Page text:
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Invited paper: The tension between specialization and diversification in the evolution of farming systems for the Australian crop-livestock zone.

Mike Ewing

Cooperative Research Centre for Plant-based Management of Dryland Salinity, University of Western Australia, 35 Stirling Highway, Crawley, WA 6009


The wide scale use and general familiarity about the form taken by mixed crop-livestock farming systems in Australia often leads to inadequate recognition of the their biophysical and economic complexity. The use of diverse crop and livestock activities and their integration delivers synergies and competition at paddock and wholefarm levels. This integration of activities delivers important consequences within and between years while also impacting on the biophysical and economic risks associated with production. Additional complexity arises in managing the cost and benefits of the integrated systems on sustainability.

Despite this complexity mixed farming systems have evolved steadily in response to the technical, economic and social changes. Going forward, farmers face the simultaneous challenge to increased productivity and enhanced sustainability. The productivity imperative arises from the ongoing decline in terms of trade, the dilemma of a hungry world paying less for its food. Sustainability enhancement is required to maintain or improve long-term productive capacity and impact on the wider environment.

Farm businesses have and will continue to respond with structural and technological change. This will result in fewer but larger farm businesses and more part time farmers. Technological change, often the payoff from research and development activities, has delivered higher productivity from existing activities as well as creating an expanded array of options such as new crop, pastures and livestock production systems.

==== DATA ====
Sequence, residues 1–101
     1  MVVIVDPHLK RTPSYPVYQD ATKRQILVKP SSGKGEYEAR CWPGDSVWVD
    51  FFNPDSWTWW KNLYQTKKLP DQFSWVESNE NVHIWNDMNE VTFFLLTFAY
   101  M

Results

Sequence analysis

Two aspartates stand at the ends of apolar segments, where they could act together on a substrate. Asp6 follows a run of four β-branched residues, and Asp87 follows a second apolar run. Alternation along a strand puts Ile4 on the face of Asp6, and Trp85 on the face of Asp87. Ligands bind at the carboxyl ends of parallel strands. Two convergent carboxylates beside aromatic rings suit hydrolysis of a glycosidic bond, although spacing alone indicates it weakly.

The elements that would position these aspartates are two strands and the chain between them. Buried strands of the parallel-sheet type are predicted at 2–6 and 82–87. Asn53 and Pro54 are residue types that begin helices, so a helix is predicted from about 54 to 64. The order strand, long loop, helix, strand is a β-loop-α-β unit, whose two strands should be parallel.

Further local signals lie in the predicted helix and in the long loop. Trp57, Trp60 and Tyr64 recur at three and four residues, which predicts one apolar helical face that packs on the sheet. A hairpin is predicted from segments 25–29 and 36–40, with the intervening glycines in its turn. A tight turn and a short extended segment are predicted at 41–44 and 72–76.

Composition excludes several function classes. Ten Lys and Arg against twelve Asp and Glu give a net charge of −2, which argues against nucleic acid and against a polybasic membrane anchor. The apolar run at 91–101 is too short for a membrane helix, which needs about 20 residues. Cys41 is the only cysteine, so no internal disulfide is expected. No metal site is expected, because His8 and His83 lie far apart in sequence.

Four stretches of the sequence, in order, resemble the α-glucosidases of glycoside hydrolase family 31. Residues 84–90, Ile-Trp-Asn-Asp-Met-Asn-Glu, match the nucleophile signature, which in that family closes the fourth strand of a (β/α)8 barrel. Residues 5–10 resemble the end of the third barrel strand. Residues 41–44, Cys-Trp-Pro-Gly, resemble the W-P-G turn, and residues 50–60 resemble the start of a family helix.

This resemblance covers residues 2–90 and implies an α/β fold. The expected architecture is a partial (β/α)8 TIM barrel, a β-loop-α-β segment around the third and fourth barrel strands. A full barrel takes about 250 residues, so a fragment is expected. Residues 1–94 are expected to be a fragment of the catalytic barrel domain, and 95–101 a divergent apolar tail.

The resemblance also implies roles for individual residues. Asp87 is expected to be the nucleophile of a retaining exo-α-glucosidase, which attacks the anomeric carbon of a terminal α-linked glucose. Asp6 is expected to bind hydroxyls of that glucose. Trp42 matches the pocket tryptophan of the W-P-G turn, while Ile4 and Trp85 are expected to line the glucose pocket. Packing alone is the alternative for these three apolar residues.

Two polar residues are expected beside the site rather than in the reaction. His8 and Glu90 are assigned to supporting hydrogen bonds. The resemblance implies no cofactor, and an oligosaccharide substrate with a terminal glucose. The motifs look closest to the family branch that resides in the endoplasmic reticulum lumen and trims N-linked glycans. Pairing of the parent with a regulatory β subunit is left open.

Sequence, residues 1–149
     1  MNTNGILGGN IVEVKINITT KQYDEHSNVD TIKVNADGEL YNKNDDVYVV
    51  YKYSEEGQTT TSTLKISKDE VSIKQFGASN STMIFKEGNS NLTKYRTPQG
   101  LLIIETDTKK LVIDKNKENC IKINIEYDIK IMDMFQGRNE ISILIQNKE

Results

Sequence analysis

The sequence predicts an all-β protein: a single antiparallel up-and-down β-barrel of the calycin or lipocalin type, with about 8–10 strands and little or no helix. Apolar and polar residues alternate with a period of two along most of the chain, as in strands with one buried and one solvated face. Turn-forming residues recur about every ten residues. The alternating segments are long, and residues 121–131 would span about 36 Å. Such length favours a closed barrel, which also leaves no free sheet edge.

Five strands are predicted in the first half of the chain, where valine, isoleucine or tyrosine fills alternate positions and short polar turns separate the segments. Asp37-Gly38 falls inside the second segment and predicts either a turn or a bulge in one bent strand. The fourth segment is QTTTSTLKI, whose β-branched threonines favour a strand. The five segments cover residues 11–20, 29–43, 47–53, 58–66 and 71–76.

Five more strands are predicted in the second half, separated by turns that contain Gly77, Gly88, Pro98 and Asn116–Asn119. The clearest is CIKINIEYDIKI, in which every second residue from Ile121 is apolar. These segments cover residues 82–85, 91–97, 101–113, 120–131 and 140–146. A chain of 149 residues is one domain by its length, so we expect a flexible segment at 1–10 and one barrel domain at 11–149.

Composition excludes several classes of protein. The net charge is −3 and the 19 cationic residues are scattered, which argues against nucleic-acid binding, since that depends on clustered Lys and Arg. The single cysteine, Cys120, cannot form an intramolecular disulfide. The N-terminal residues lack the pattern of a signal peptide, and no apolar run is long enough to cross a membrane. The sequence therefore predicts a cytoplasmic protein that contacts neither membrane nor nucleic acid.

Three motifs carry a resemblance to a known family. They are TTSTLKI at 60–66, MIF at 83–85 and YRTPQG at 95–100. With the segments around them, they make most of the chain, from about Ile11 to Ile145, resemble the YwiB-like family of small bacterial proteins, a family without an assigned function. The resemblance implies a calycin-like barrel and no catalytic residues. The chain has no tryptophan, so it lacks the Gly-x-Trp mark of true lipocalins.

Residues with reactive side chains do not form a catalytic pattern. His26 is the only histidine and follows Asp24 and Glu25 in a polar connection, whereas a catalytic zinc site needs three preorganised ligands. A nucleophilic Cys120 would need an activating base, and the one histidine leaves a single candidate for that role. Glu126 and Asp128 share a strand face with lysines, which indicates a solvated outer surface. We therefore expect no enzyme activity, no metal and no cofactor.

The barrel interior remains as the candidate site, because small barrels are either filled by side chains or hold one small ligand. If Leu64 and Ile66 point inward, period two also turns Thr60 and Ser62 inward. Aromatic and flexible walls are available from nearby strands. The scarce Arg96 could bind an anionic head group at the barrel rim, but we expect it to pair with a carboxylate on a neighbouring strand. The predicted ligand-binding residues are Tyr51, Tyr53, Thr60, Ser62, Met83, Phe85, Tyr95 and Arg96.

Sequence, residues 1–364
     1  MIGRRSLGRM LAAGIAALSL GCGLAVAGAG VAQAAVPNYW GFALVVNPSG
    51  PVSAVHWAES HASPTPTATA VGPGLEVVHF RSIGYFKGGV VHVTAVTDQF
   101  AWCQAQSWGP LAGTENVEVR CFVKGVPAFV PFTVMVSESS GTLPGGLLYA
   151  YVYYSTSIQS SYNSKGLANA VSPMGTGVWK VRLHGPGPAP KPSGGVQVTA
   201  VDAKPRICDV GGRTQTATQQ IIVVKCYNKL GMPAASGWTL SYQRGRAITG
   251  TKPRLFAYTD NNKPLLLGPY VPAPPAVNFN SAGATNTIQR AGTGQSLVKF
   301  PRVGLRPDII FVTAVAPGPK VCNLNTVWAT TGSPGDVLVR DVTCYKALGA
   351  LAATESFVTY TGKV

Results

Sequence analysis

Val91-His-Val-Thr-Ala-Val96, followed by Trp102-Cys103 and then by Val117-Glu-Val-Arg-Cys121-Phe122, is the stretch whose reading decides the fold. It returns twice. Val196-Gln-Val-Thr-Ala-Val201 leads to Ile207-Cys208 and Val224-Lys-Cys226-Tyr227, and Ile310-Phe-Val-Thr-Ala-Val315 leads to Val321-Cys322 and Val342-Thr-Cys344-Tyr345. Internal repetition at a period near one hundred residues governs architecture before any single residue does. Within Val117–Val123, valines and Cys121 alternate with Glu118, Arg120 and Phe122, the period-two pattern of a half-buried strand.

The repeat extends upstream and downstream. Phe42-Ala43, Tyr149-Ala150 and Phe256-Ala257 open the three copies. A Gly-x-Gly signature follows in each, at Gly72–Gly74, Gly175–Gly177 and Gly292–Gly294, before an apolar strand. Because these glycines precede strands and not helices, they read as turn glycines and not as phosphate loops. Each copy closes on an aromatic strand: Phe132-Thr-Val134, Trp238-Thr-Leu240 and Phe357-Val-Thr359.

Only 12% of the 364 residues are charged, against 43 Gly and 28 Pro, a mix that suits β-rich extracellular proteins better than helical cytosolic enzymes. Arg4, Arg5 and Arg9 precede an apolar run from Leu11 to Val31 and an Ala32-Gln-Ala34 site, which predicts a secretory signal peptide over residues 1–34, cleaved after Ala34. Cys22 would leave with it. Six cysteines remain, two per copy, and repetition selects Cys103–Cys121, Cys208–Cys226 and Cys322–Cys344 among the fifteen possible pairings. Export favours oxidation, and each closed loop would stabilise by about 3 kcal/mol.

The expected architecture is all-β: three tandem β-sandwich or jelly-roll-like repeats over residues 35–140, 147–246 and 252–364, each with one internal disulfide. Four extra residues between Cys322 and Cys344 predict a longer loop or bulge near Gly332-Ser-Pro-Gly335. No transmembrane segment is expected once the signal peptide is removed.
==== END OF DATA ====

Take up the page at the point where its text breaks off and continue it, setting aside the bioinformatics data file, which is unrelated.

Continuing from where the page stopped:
The operational challenge facing farmers is to simultaneously operate larger enterprises and overlay new technologies. This complex is demanding and changes will only occur where clear benefits are anticipated. Faced with growing complexity, farmers will seek to apply their management efforts more effectively and one likely strategy will be increased enterprise level specialization. This may be expressed as a reduced number of enterprises within a farm or alternatively might involve additional managerial input, with managerial responsibilities for special aspects sometimes spread more widely within the business. Alternatively farmers may increase their reliance on external resources to deliver the operational or managerial integration of secondary activities. Changes of this sort have important implications for the research and operational servicing of farm businesses as farmers more carefully analyse their options and choose more critically those technologies and systems that match their specific needs.

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